A Parent’s Guide to The Carnivorous Carnival (Book)

WARNING: Reading this article may give away things in the story ranging from unimportant to plot turners.

The Carnivorous Carnival by Lemony Snicket (Daniel Handler)

Type: Adventure, Children’s

Basic Plot: The Baudelaires are now in disguise to hide from Count Olaf. With hope that one of their parents is still alive, they are trying to survive as they are surrounded by friends and enemies.


Plot: 4/5 Well Done: The plot was definitely interesting. The characters choices were in character and realistic. Some of the choices they made were bad, but you could definitely see that they would and why they would make them. The only con was that it was a little slower in developing than the last one without the suspense build up being as good.

Writing Style and Setup: 4/5 Well Done: The style was definitely satirical in this book. The author does several things that were humorous or sad or both at the same time. The details of the book to explain or describe situations were definitely what makes the style good.

Though Graphics: 4/5 Well Done: The graphics were done in the same style as the ones in the previous book, pencil sketches. They were again scattered with clues about what would and will happen.

Moral: 3/5 A Good Moral and More Coverage of an Ethical Dilemma: The moral that can be seen in this book is a good one. One of the new characters introduced in the book lives by the motto, “Give people what they want.” She is willing to do anything anyone ask, even if it is wrong, because she just wants to please everyone and not pick sides. She eventually dies because of her refusal to make a decision.

The book also covers more of the ethical dilemma mentioned in the last article, but I am saving the majority of this discussion for article twelve.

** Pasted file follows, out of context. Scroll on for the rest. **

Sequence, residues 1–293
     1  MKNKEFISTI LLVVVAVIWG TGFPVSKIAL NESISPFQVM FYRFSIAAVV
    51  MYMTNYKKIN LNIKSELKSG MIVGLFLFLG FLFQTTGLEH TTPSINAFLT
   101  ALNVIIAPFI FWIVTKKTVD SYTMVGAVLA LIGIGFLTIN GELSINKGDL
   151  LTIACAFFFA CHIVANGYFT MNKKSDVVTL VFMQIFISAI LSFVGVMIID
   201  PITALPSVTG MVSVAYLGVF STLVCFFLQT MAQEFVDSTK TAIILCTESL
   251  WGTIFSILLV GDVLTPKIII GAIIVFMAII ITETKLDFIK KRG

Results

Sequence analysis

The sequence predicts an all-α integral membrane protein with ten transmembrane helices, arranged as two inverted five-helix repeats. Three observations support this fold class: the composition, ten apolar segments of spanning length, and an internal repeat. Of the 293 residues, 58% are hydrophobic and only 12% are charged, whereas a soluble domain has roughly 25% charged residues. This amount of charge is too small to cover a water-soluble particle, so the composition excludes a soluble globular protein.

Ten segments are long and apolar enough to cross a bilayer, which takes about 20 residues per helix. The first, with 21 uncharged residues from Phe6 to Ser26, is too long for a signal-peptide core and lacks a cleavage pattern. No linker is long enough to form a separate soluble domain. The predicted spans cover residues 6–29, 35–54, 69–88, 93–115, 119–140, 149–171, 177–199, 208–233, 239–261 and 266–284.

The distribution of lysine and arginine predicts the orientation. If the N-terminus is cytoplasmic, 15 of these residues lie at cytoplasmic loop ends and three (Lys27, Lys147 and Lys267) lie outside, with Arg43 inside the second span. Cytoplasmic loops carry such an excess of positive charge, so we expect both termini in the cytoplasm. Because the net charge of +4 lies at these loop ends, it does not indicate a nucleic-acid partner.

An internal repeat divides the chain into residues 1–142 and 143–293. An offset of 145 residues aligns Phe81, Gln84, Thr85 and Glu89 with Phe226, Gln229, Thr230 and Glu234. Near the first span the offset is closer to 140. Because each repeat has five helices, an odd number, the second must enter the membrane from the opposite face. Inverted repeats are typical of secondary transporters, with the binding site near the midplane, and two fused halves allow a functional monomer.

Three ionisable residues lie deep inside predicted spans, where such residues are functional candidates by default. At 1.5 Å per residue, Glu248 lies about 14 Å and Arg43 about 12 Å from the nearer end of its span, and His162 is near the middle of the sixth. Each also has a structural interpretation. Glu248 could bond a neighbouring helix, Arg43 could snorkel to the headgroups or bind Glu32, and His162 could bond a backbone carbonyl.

Overall: 4/5 Well Done: The book was definitely recommendable in quality. I recommend it in quality for children of either gender of the age of eleven.

Moral Content

Sexual and Inappropriate Content: ½/5 Slightly Suggestive: People are kissed on the cheek and nose.

Violence: 2½/5 Mentioned and Non-Descriptive Violence: It discusses what part of an animal is the most violent and scary. There is “a painting of a lion chasing a… boy.” A boy worries about what will happen if they travel. People are described as “violent.” A carnival comes up with the idea of throwing people into a lion pit for entertainment. Several people want a person to be thrown to the lions and volunteer to throw someone in. Some children lie about their sister attacking them when they tease her, and say that the attacks resulted in scars. A person pretends to attack an audience for entertainment. A man threatens to hit people with a giant noodle. A man whips lions and at people. It hints that a man in a fairy tale was eaten by lions. It mentions some violent situations the children had escaped in previous books. A girl briefly remembers a sword fight she had. A woman wants some people to push a specific woman to the lions in exchange for a job. A woman and man fall into a pit of lions and are eaten, though it does not go into much, if any, detail.

Swearing and Using the Lord’s Name in Vain: ½/5 A Little Misuse: “Gosh” is used once.

Emotional, Intense, and Disturbing Content: 2/5 Some Slightly Emotional and Disturbing Content: It mentions in the dedication that a woman has died. It is mentioned that people died in previous books. Children are threatened. Some adults talk about wishing to kill and/or kidnap children. Animals have scars. Several people want to throw other people into a pit of lions for entertainment. Some children put fake scars on for a disguise. It mentions that a woman’s makeup looks like a bruise. A boy thinks that his sister, when she is in a certain costume, looked like she was eaten by animal. It mentions that a woman was in a “play about a murderer.” A carnival employs people with unusual body traits such as ambidexterity or having a humpback to be put on display. These people are mocked at and are later almost thrown to lions. The treatment of these people is greatly looked down on and made into a satire in the book.

Religious Issues: ½/5 Slight Mention: It mentions a rabbi.

Magic: 1½/5 Phony Magic: A woman claims to be a fortune teller and to be able to read a crystal ball. She is not actually able to tell peoples fortunes by using a crystal ball, but uses a non-magical way. The woman and her crystal ball are described throughout the book as “magic” and “magical” by people. It mentions vampires. “Ghost” is used as a description.

Others: People drink throughout the book. A man mentions there is wine in the trunk of a car. One of the disguises that one of the children tries is disguising as a wolf person, and they tell a man that the wolf-person came between a romance between a wolf and a human.

Overall: 1½/5 Almost All Ages Appropriate: This book is morally recommendable to almost all children. Violence is probably the most objectionable thing. Though violence does happen, it does not get into detail.

Here is a link to the tenth review:



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